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tell me about Writing Strands


kfeusse
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I am considering this for my 10 year old daughter to use when we finish ETC in less than a month. Out side of her Grammar (GWG) we haven't really done much in the way of formal writing and I felt like we needed to begin. Would this be a good one to try...or would there be a better one??

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I should warn you first that I am not speaking from a great deal of experience because this is only our second year homeschooling.

 

We started using WS level 3 last year when dd was in 4th as it was recommended in our copy of WTM. At first I thought it was great but then after the first section it jumped up to having to write a fairly complex paragraph. It seemed like a huge jump in difficulty and we basically gave up. I should add that we were also doing some writing as recommended by WTM (narration, dictation etc). At the end of the year I looked through the book as I was putting it away and realised that, after that difficult assignment, it was ok again so we have continued on with it this year.

 

It seems OK but I don't really have anything to compare it with. If you do use it just be aware that it does not seem (to me) to increase incrementaly in difficulty, it seems to jump around a bit. My plan is to keep using it this year, along with dictation, outlining and maybe try MCT Paragraph Town next year.

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I only have WS 3 and 4, but here is my input. The upside of WS is that it is written to the student, so he can work independently with editing input. In addition, the author does a wonderful job of teaching writing with different voice, person and tense. However, there is a down side. While WS addresses organization, the curriulum uses listing and other organizational tools. Whether you use IEW-style key word outlines or SWB sentence outlines or LTW and R&S phrase outlines, I believe outlining is a good organizational tool for beginning writers. Of course, you could teach your student to outline and require outlines for all their WS papers/paragraphs. In addition, WS gives a light brush to the concept of main idea. That is one of the strengths of SWB's dictation, narration and outlining sequence. The student is always working with the main idea as their guiding light. Finally, WS 3 and 4 include assignments on story writing without enough instruction on the framework of developing the various components of a story; i.e clear problem, events leading to the problem, solution, etc. With all that in mind, I plan to use the two levels of WS that I own as a reference. If you want a curriculum that teaches paragraph skills, take a look at MCT Town level. That is the focus of the Town level - main idea, support for the main idea and various types of paragraphs. I don't own it, but read Tina's posts on WriteShop. The first level looks like it does an excellent job of teaching paragraph skills as well as writing with a different voice and point of view. It's more structured than MCT which might be a good way to start if you are unsure about teaching writing. WWE can easily be added for dictation and narration skills if you are working with older students.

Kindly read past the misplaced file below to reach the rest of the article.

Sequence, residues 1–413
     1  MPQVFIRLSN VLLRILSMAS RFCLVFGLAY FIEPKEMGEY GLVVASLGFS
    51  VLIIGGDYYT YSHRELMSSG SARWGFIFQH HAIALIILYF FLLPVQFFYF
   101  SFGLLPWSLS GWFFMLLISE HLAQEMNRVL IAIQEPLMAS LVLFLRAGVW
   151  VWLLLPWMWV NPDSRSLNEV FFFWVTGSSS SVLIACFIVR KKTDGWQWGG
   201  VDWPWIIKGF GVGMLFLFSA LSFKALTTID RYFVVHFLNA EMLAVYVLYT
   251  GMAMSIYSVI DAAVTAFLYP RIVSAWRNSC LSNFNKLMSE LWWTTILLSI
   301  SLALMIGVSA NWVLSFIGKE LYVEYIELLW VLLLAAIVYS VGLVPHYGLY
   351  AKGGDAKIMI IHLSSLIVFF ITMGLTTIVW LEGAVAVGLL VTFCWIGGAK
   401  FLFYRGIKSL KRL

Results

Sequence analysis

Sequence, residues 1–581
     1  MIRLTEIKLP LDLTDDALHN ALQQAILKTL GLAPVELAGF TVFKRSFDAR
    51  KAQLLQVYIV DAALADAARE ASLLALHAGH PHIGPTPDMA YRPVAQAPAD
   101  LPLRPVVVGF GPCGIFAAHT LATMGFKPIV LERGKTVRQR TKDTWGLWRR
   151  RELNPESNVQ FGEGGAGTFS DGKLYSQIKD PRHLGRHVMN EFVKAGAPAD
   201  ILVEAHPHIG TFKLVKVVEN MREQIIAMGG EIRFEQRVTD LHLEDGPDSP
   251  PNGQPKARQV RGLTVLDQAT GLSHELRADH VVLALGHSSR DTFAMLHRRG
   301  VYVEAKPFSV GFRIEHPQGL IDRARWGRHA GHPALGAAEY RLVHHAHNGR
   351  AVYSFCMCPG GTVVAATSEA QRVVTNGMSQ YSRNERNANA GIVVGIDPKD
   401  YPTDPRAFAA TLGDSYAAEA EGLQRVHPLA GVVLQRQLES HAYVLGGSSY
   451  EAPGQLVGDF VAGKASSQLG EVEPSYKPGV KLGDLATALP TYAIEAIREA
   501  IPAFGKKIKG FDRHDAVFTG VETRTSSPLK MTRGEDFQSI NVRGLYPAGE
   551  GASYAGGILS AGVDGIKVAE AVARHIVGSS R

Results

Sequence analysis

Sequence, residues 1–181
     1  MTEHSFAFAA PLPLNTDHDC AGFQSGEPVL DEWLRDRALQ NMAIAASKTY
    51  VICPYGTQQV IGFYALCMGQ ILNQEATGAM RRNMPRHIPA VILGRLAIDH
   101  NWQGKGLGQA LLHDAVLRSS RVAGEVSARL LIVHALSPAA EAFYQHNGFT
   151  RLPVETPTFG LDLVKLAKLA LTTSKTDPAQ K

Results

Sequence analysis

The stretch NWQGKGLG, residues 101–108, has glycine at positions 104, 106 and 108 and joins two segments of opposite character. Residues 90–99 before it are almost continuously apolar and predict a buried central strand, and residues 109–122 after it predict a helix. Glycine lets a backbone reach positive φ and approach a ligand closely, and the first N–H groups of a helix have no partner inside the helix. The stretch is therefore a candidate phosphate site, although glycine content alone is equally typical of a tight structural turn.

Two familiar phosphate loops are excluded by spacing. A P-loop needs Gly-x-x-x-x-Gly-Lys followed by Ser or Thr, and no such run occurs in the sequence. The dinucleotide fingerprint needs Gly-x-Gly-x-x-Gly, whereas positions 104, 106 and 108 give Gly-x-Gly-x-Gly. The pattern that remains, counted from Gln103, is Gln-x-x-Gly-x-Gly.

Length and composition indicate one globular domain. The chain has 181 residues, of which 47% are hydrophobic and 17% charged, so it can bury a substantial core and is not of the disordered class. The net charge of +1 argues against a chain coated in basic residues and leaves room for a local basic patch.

Edited by 1Togo
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We used WS 3 for several months. I liked it at first and my son did quite well with the early lessons. But, after awhile, it became confusing to both of us. I really wanted to make it work since it is highly recommended by some but I truly could not understand some of the lessons. I know it's supposed to be good but it didn't work for us. I think we may try it again later on, hoping the other books aren't so confusing.

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If I were hsing again, Writing Strands would be my first choice, and I'd try very, very hard to make it work. I *love* the way it teaches writing--no gimmicks, no rules which must be untaught (e.g., every paragraph must have at least three sentences. No, this is absolutely not true for all kinds of writing. Read any good book and you'll see.), no complicated method for deciding what to write (e.g., brainstorming, rough draft, whatever else some methods think should be employed). Just good instruction on how to write well.

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my daughter uses WWE2 and WS2. she's 9 and in grade 3. we like them both. i've read that some people feel WS is tedious, but my daughter needs very specific instruction (i.e. DAY 1: describe the pencil. the pencil is yellow. the pencil is long. the pencil is chewed. DAY 2: combine the sentences. the pencil is yellow, long, and chewed.). she really benefited from this kind of instruction... but some kids really hate it.

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Has anyone used WS above Level 4? If so, when does it teach persuasive essays? Does it teach other type of essays; i.e. definition, comparison, etc?

 

Also, I've never worked with any curriculum that dictates sentence length other than the first two units of IEW, which are meant for 2nd and 3rd graders. What curriculum does that?

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